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There’s no Explanation For The Divining Rod

June 14, 2008
The Inter-Mountain
My first experience in seeing a divining rod work was in the fall of 1966 when I was visiting my aunt and uncle in Mason County. My aunt’s father-in-law cut a small limb in the shape of a Y from a plum tree. The elderly man held the branch by the two small limbs, one in each hand. The base of the Y pointed straight up. He then started walking at one end of the yard. When he reached a certain location, the pointer went straight down as if a powerful force was pulling it. All of us who were watching looked on in disbelief.

The next day, I asked my physics instructor about how a divining rod works. His answer was somewhat unbecoming.

Divining or dowsing, as it is called today, originated in Germany in the 15th century. This device is mostly used to locate underground water. However, large deposits of oil and metals have also been located with divining rods. Just why or how this arrangement works has any known explanation.

Another type of divining rod is two metal rods, both shaped like an L. They can also be made of glass or plastic. The dowser holds one in each hand by the short ends.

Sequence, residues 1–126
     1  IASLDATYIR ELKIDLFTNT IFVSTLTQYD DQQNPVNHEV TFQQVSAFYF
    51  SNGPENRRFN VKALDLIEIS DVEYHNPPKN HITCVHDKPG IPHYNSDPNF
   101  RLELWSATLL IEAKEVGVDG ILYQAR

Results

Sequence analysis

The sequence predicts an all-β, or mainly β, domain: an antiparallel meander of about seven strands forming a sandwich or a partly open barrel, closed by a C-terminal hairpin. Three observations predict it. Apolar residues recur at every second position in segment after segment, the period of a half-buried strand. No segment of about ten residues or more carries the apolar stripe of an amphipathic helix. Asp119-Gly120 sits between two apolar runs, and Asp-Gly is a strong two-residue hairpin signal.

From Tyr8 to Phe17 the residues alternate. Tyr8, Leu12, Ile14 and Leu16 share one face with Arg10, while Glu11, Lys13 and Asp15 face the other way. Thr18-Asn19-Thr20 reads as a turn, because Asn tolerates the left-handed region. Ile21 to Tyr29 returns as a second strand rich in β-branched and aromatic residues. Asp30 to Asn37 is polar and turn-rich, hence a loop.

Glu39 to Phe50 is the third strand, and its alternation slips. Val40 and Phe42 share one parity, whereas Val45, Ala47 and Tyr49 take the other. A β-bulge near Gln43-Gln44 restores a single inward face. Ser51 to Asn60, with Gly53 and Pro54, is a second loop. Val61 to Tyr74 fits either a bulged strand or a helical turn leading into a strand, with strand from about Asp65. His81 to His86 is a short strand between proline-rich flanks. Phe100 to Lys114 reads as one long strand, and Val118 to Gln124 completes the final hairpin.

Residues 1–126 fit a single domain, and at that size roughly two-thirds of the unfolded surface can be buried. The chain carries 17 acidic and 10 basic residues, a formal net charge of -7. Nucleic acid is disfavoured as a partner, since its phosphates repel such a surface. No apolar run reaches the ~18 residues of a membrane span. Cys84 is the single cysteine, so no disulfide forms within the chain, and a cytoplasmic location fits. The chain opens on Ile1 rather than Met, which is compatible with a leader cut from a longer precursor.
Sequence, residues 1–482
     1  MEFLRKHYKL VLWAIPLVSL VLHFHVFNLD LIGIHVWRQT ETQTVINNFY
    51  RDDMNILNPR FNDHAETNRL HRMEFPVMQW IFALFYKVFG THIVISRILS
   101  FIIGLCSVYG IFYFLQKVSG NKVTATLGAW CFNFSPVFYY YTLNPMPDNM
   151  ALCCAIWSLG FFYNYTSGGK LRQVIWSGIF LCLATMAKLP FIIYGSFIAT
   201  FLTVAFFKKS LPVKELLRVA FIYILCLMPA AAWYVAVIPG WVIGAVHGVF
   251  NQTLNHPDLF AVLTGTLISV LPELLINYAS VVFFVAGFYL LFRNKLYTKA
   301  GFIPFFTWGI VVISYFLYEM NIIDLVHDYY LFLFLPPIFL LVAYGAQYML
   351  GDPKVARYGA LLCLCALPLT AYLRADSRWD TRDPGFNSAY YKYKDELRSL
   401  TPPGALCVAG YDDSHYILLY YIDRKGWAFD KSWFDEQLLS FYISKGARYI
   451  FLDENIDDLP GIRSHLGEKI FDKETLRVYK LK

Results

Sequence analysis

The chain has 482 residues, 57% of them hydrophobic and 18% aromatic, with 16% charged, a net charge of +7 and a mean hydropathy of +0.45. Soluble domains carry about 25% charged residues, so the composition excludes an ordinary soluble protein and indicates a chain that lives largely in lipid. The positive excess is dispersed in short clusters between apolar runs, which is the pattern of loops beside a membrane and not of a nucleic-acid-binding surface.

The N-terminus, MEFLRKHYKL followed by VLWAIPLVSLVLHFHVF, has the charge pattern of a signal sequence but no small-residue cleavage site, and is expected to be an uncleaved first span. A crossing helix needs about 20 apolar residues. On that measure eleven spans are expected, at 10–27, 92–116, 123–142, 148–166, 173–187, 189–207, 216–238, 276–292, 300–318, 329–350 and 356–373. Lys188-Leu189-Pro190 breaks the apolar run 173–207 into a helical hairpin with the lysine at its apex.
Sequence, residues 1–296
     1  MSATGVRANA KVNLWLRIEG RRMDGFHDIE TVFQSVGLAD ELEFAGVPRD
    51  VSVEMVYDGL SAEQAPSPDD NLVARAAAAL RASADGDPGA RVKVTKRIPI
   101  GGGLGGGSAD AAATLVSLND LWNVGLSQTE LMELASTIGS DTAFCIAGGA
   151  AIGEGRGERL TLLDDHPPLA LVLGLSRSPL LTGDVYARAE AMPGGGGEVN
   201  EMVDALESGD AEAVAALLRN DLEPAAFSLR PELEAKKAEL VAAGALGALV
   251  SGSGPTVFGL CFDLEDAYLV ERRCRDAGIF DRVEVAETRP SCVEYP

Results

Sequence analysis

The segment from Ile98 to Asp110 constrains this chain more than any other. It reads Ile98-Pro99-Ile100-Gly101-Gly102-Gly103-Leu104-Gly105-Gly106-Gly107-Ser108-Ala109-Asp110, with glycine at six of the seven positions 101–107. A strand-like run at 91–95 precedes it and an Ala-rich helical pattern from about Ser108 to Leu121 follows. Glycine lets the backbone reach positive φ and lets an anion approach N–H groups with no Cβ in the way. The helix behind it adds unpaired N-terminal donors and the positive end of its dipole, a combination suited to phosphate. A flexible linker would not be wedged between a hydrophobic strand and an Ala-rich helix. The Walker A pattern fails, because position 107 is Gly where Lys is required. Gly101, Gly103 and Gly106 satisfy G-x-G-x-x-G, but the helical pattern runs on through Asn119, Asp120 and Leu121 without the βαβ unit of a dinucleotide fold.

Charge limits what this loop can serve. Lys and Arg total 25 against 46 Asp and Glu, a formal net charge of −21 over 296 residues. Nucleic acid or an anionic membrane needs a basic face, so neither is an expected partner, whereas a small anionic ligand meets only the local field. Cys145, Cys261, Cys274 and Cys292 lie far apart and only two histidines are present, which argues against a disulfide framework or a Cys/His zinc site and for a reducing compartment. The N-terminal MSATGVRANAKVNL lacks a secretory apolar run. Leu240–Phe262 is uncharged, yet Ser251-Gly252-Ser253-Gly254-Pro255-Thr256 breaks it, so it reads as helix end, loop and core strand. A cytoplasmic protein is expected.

When something is found, the long ends will cross over one another making an X over the found object. If the object is long and straight like a water main or pipe, the wires will usually point in the opposite directions showing the direction of the object.

Several years ago, I remember reading an article in “Popular Science” magazine about divining rods. I do not remember much about the article in detail, but I do remember reading about a city having a lot of trouble locating old water mains because of inaccurate courthouse records. This city was in the middle of a large-scale construction project. When they brought in divining rods, the construction engineers were able to locate all of the old water mains.

In the 1960s during the Vietnam War, United States Marines used divining rods to locate several of the tunnels used by the Viet Cong. In these tunnels, the Marines often found large caches of weapons manufactured in Communist China or the Soviet Union.

Around the garden, divining rods are useful for finding underground pipes and other utilities. Theoretically, dowsing works by detecting naturally occurring energies that surround us and everything else. Many tools are available for dowsing, but divining rods are considered the best because they are easy to learn and use.





 
 

 

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